Antietam 'Death Studies' Changed How We Saw War

  • Alexander Gardner's original caption for this image was "A Lone Grave, on Battle-field of Antietam."
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    Alexander Gardner's original caption for this image was "A Lone Grave, on Battle-field of Antietam."
    Alexander Gardner/Library of Congress
  • Between two farm fields in Sharpsburg there was a sunken road, which Confederates used as a rifle pit until they were overrun by the Federals and slaughtered. The road has since been known as "Bloody Lane."
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    Between two farm fields in Sharpsburg there was a sunken road, which Confederates used as a rifle pit until they were overrun by the Federals and slaughtered. The road has since been known as "Bloody Lane."
    Alexander Gardner/Library of Congress
  • The area around the white brick Dunker Church was also a scene of heavy fighting. These men had been carried from the places where they fell, in preparation for burial. It took four days to clear all the soldiers' bodies from the battlefield.
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    The area around the white brick Dunker Church was also a scene of heavy fighting. These men had been carried from the places where they fell, in preparation for burial. It took four days to clear all the soldiers' bodies from the battlefield.
    Alexander Gardner/Library of Congress
  • Gardner's caption for this photograph: "A Contrast: Federal buried, Confederate unburied, where they fell on the Battle-field of Antietam."
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    Gardner's caption for this photograph: "A Contrast: Federal buried, Confederate unburied, where they fell on the Battle-field of Antietam."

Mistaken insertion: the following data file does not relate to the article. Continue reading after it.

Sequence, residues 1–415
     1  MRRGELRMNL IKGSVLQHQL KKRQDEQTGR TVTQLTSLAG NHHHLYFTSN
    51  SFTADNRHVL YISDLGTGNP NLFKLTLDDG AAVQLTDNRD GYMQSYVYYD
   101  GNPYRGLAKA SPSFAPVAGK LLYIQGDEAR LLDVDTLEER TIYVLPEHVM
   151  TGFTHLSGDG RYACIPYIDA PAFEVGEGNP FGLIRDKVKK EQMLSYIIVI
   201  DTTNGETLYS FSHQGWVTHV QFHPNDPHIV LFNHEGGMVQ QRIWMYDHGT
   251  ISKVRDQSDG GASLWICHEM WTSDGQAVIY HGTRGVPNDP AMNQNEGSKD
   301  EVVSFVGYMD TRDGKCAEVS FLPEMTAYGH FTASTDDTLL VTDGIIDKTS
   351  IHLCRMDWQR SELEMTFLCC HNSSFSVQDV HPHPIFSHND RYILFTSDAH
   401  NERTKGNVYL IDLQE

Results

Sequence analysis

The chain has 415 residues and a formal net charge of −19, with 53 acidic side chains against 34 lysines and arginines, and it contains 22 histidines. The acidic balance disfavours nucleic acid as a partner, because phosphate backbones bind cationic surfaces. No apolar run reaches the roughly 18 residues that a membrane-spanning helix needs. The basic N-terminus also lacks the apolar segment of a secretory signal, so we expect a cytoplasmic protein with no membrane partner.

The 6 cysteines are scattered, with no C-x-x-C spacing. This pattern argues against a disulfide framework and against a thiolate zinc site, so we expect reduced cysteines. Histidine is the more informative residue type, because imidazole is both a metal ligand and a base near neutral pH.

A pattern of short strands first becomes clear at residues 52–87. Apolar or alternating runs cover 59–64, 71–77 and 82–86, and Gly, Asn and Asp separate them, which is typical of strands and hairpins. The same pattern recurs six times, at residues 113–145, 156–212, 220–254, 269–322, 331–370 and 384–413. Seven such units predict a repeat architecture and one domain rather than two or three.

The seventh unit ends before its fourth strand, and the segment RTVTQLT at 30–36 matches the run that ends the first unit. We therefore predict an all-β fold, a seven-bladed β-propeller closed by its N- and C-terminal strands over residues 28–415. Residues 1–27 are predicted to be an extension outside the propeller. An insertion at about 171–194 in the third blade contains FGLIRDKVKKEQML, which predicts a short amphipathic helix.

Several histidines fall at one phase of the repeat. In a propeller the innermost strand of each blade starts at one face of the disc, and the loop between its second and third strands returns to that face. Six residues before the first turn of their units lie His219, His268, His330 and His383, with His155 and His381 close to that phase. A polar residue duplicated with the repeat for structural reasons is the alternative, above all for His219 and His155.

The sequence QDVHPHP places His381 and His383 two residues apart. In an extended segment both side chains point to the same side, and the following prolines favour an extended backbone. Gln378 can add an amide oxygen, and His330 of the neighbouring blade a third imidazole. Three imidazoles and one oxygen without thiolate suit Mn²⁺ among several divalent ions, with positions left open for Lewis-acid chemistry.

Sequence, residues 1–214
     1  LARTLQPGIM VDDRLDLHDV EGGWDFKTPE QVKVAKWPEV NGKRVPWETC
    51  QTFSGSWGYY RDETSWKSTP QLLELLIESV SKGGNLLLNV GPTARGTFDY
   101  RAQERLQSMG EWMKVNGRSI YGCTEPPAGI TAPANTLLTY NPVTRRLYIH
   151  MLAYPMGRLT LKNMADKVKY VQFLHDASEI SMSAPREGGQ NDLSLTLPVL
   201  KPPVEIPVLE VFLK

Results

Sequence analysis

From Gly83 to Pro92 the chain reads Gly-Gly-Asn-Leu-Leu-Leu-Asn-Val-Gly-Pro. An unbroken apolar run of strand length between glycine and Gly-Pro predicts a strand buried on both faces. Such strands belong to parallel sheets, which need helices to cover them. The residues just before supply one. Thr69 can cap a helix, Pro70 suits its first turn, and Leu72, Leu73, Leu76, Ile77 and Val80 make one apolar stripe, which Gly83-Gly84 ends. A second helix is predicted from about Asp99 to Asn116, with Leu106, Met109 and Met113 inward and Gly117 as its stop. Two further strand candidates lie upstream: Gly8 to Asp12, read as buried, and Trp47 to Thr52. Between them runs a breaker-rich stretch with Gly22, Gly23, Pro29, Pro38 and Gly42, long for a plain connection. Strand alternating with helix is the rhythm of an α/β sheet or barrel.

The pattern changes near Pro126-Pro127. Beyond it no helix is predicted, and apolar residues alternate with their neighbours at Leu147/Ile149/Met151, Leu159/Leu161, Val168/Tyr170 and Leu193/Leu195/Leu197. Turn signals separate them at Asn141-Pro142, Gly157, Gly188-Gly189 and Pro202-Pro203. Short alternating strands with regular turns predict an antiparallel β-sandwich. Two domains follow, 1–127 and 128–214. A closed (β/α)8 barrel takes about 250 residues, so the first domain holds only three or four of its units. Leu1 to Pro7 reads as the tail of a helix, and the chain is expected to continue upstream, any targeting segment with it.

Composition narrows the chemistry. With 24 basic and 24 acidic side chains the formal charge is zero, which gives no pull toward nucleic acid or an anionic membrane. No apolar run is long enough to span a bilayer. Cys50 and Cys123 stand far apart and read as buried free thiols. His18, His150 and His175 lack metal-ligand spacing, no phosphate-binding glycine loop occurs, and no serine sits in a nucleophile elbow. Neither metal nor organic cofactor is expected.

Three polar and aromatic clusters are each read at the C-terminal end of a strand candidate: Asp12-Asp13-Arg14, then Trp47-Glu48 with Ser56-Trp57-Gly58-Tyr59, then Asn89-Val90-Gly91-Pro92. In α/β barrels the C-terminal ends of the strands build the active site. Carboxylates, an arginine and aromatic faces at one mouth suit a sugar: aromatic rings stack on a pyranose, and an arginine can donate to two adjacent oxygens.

Alexander Gardner/Library of Congress
  • President Lincoln visited Gen. George McClellan at Antietam a few weeks after the battle, urging him to chase and engage Lee's damaged army. McClellan procrastinated, and Lincoln soon relieved him of command. The Civil War continued for almost three more years.
    Hide caption
    President Lincoln visited Gen. George McClellan at Antietam a few weeks after the battle, urging him to chase and engage Lee's damaged army. McClellan procrastinated, and Lincoln soon relieved him of command. The Civil War continued for almost three more years.
    Alexander Gardner/Library of Congress

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In mid-September 1862, the Civil War was only a year and a half old, and many Americans in the North and the South still clung to the view that this war was a noble, glorious, even romantic undertaking. That notion was shattered forever when Alexander Gardner and his assistant James Gibson, working for photographer Mathew Brady's firm, came to Antietam Creek near Sharpsburg, Md.

Robert E. Lee's Army of Northern Virginia and George McClellan's Army of the Potomac had collided there in a battle that was, and remains, the nation's bloodiest day. It was called a Union victory, though the cost on both sides was enormous — 23,000 men killed or wounded.

Up until that time, war photography had primarily depicted only the landscape and individual commanders, long after the fighting was done. Gardner and Gibson arrived at the battlefield before all of the soldiers' bodies had been buried, and they recorded a series of what they called "death studies" that, for the first time, showed the bloated, mutilated corpses that are the true aftermath of conflict.

The exhibition of those images, only a month after the battle, caused a sensation. A reporter for The New York Times wrote, "Mr. Brady has done something to bring home to us the terrible reality and earnestness of war. If he has not brought bodies and laid them in our dooryards and along the streets, he has done something very like it."

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